This FAQ section can be applied to a variety of disaster recovery scenarios.
1. What can I do once a disaster has taken place?
Review the Disaster Recovery Action Plan, which provides suggested steps to take in restoring your practice.Our Practice Advisors are available to assist lawyers with confidential and professional advice on recovery efforts and any other legal, ethical and practice concerns, especially in this time of great need. The Practice Advisors can be reached at 1.866.440.4640 (toll free) or 587.390.8462. Practice Review legal counsel are also available for practice management and operational issues. They can be reached at 587.393.2167.
2. My files and documents are damaged or destroyed. What can I do?
Review the Disaster Recovery Action Plan, which provides suggested steps to take in restoring your practice. Also see the PracticePro link for more information on dealing with damaged files and recovery. Document restoration may, however, be an expensive process and may not be necessary in every case. Your insurer may be able to direct you to some restoration companies, or you can search for local listings.
While most of the other categories of documents can be salvaged, documents that have been turned black by fire may fall apart with slight handling. There are methods using specialized forensic techniques that can read carbonized images, but these are expensive and may not be readily available.
Partially burned but dry documents:
Partially burned documents that are dry may be cleaned using a soft brush to remove loose debris. For more information on this process see “Recovering Fire-damaged records”. Soot can be removed using a kneadable eraser (sold at art supply stores), but it is important not to apply pressure on paper that is actually charred. If you can’t work on these documents right away, they can be frozen (ideally after being vacuum-sealed or wrapped in greaseproof paper).
Partially burned but wet documents:
Partially burned but wet documents need to be dried—but if you can’t attend to drying right away, investigate vacuum-sealing and freezing techniques. If vacuum-sealing is not available, you can wrap the papers in small bundles (not more than 1 to 2 cm thick) in greaseproof paper and lie them flat in a freezer.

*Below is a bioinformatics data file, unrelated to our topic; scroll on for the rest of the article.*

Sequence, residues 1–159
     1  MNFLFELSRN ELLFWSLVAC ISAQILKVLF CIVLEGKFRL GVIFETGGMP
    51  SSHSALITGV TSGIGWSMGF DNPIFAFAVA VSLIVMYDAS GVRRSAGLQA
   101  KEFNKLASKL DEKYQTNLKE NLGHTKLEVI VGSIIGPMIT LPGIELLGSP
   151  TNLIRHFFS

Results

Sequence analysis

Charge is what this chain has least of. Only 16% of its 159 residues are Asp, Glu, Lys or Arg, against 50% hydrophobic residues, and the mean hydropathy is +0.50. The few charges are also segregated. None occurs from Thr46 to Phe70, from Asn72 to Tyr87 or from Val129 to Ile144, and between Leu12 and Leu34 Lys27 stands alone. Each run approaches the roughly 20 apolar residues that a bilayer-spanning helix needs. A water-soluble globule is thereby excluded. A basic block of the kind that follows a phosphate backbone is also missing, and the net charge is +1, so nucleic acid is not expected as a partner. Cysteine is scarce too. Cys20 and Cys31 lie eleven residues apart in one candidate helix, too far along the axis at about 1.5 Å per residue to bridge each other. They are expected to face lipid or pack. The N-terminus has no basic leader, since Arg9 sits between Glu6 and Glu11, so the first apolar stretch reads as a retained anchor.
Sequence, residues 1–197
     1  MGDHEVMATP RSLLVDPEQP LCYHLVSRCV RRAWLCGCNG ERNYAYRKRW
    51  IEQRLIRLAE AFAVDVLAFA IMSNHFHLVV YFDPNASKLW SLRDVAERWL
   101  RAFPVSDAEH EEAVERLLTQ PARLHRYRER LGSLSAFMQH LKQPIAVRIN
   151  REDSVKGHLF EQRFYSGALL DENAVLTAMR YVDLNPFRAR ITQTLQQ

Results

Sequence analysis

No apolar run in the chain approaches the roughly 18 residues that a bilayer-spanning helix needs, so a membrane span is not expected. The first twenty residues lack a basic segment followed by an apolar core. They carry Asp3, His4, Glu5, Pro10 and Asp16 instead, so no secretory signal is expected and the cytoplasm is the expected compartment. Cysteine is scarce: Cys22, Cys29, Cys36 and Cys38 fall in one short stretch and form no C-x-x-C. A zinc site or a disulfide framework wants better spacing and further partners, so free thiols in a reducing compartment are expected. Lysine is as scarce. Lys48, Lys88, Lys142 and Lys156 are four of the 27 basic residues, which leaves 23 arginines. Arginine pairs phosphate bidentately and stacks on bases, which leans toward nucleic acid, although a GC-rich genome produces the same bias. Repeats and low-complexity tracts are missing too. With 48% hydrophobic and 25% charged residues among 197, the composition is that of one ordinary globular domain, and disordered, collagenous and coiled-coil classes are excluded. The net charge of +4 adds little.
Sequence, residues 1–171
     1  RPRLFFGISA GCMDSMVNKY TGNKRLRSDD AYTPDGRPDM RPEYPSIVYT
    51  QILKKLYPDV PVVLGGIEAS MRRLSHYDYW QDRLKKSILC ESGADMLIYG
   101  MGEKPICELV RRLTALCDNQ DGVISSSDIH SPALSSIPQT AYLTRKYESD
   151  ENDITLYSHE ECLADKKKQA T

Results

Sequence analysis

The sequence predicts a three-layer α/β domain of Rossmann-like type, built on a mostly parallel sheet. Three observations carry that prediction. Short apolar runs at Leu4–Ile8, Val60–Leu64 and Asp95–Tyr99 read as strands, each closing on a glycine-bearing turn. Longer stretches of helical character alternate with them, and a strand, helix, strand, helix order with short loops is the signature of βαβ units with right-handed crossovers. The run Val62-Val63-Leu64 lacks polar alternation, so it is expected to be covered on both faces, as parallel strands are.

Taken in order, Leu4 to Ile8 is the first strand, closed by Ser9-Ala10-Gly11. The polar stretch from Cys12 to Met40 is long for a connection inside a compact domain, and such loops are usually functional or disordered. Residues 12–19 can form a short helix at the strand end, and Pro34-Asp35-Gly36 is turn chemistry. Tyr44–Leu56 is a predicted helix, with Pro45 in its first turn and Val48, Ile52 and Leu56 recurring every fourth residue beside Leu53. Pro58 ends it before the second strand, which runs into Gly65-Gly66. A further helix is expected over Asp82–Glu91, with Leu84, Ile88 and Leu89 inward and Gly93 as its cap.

To start the process of drying wet documents, insert paper towels about every 2 cm to help absorb the moisture. You will have to replace the paper towels with dry ones as moisture is absorbed but put the new towels at different places in the document stack. Keep the humidity down in the room you are using to speed up the drying process and use a fan to gently move the air around.
It is important to take steps to remove mould from documents exposed to water. A restoration company may be able to use desiccant air dry systems as well as environmentally-friendly chemical cleaners. Other techniques that may aid in recovery of documents include ion-deodorizing and anti-fungal spraying. If destroying partially damaged files, please ensure that client confidentiality is maintained during the destruction process. We recommend, at a minimum, that you maintain a record of the files you have lost. A file inventory form is available here. This summary was prepared based on articles by the National Archives of Australia entitled “Recovering Fire-Damaged Documents”, Polygon Group “Archive Preservation Water and Fire Damage” and by Data Storage Inc. “Fire Damaged Documents: Triage to Recovery”. Please consult these articles for more detailed information about recovering documents.
3. I cannot access my office. How can I gain access to my Trust Funds?
If you cannot access your office to obtain trust cheques to close your real estate deal, you may either wire funds pursuant to Rule 119.42, or you may withdraw trust funds by way of a bank draft or money order pursuant to Rule 119.46 with prior notice to the Law Society. Email the Bank Draft and Money Order Form form to Trust Safety. See the Rules of the Law Society of Alberta.